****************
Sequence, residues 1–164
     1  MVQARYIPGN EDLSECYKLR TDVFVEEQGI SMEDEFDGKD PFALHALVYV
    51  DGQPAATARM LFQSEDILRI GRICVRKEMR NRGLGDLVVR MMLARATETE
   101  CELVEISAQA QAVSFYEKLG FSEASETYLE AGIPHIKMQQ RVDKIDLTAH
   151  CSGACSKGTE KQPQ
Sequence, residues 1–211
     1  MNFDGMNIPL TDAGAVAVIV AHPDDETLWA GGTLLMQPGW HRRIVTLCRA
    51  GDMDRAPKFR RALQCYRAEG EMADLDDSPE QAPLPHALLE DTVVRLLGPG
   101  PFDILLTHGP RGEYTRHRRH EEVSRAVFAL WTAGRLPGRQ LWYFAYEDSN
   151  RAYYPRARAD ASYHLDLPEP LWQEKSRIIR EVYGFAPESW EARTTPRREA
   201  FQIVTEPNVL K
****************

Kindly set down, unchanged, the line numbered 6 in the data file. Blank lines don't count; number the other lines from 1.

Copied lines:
Sequence, residues 1–211